There are very few plug-ins that I'd consider necessay. The editing tools in Aperture 3 and Lightroom 3 are so robust, that I can handle most of the things I need within those applications. But after working with Nik Software's Silver Efex Pro 2 for a few weeks, I've decided that this is my next "must have" enhancement.
Abandoned Warehouse: processed in Aperture 3 and finished with Silver Efex Pro 2 plug-in using global adjustments only. Photo by Derrick Story with an Olympus XZ-1. Click on image for larger version.
Silver EFEX is a tool to convert your images to Black & White. Now you may be saying to yourself, "I know 10 ways to create a B&W photo." So do I. But none of them work as well at this plug-in. The whole reason I even paid attention to this app in the first place was because I saw images that looked great, and I wanted to know how they were created. Many of them with Silver Efex Pro 2.
Original image captured in mid-day lighting. Click on image for larger version.
New Features in Silver Efex 2
This new version adds many important tools:
- Refined and improved black and white conversion algorithms
- Highlight, Midtone,and Shadow Brightness control
- Dynamic Brightness control
- Amplify Blacks and Amplify Whites controls
- Soft Contrast control
- Highlight, Midtone, and Shadow Structure control
- Fine Structure control
- Selective Colorization
- Image Borders
- History Browser
- GPU Processing
- Improved interface and interaction controls
Most of the images I've worked on have only required the global controls. There are selective adjustments available, using control points, if you need them. I was surprised at how often I didn't. The basic workflow I use is relatively simple.
Silver Efex Pro 2 interface. Click on image for full size version.
Basic Silver Efex 2 Workflow
For this example, I'm using Aperture 3 as the host app. But the plug-in works with Aperture, Lightroom, and Photoshop. And you get compatibility for all three in the box.
In Aperture, first I choose a color image, then I go to Photos > Edit with Plug-In > Silver Efex Pro 2. Aperture prepares the image for hand-off. Once the Silver Efex interface appears, make it full screen by pressing the "F" key.
On the left side of the three-paned interface are the presets, with the "000 Neutral" selected at the top of the column. You can preview the other presets by clicking on them. This is helpful to get a feel for the possibilites of your photo. I usually return to Neutral, however, and start working the controls on the right side of the interface. This way, I get the exact look I want.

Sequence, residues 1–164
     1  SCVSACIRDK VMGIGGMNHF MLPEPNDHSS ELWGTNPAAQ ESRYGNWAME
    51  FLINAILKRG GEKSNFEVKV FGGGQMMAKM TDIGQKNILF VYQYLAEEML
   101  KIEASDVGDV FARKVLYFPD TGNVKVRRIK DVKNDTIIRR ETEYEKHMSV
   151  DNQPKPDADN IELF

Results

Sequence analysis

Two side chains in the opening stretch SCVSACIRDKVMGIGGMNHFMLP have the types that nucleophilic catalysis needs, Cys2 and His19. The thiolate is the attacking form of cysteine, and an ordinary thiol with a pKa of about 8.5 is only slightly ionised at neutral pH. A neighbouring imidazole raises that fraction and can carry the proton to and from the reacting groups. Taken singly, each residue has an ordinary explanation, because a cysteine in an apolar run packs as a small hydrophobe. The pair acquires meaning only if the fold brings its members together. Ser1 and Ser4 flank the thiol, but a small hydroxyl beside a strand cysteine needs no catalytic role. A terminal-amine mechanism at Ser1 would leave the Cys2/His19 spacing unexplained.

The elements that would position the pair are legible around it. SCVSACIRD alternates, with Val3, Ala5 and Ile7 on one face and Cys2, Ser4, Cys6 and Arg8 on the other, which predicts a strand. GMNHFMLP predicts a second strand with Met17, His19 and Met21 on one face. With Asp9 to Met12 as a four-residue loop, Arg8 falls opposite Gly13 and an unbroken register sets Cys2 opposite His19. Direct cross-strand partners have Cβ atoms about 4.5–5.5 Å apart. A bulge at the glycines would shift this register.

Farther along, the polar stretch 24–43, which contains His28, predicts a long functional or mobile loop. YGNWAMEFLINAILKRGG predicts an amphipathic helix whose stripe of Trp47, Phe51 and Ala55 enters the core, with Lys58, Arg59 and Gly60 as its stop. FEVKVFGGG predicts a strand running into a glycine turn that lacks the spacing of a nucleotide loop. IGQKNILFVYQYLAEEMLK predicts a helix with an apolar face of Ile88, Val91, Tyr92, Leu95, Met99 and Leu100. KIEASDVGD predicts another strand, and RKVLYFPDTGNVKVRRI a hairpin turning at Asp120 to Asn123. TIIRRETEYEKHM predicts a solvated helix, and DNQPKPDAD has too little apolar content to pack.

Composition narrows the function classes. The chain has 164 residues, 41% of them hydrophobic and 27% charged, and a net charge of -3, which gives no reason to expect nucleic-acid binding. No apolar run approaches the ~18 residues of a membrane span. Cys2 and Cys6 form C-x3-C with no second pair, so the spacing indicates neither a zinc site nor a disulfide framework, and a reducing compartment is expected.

Typically, the three basic global controls (Brightness, Contrast, and Structure) are collapsed. Click on the triangle next to their names to reveal more sliders. I also open the Loupe & Histogram window at the bottom of the right column, and click on Histogram. This graph is helpful when making tonal adjustments.
Now begin working on the highlights, midtones, and shadows of your picture. Be sure to play with the new Dynamic Brightness slider. It brightens areas of the photo while protecting the darker tones.
Next, I'll use the Amplify Whites and Amplify Blacks sliders to fine tune those areas. But the real killer slider here is the Soft Contrast control that adds mood by selectivly adding contrast in areas of the photo based on an intelligent alograithm.
Then I move to Structure, which is similar to "Definition" in Aperture and "Clarity" in Lightroom. But with Silver Efex 2 you have four Structure sliders, one for each tonal area, plus Fine Structure. Fine Structure can increase detail, as in the building photo. Or, as in this portrait, I decreased Fine Structure to soften the skin tones.
Now, I'll go back to the left column and click on the History Browser Icon. It's at the top of the column, third from the left. Then click on the Compare button. I generally use the Split Screen view to compare the work I've done with the original conversion. You can click anywhere in your "history" to compare that point in your work to the final product.
Once I'm satisfied with my adjustments, I click the Save button, and Silver Efex 2 prepares a Tiff and returns it to Aperture. I "stack" the new Tiff and original image for convenience.
The Bottom Line
Nik Software's Silver Efex 2 runs smoothly on my MacBook Air and keeps me excited about Black & White photography. There are many more features than I've covered here, such as the image borders, film emulators, vignettes, and toners -- plenty to keep you occupied well into the wee hours of the night.
You can see more images processed with this software on the TDS Flickr site.
Update! Hunt's Photo and Video is offering Silver Efex Pro for $129, plus free shipping, and a free upgrade to Silver Efex Pro 2. While supplies last.
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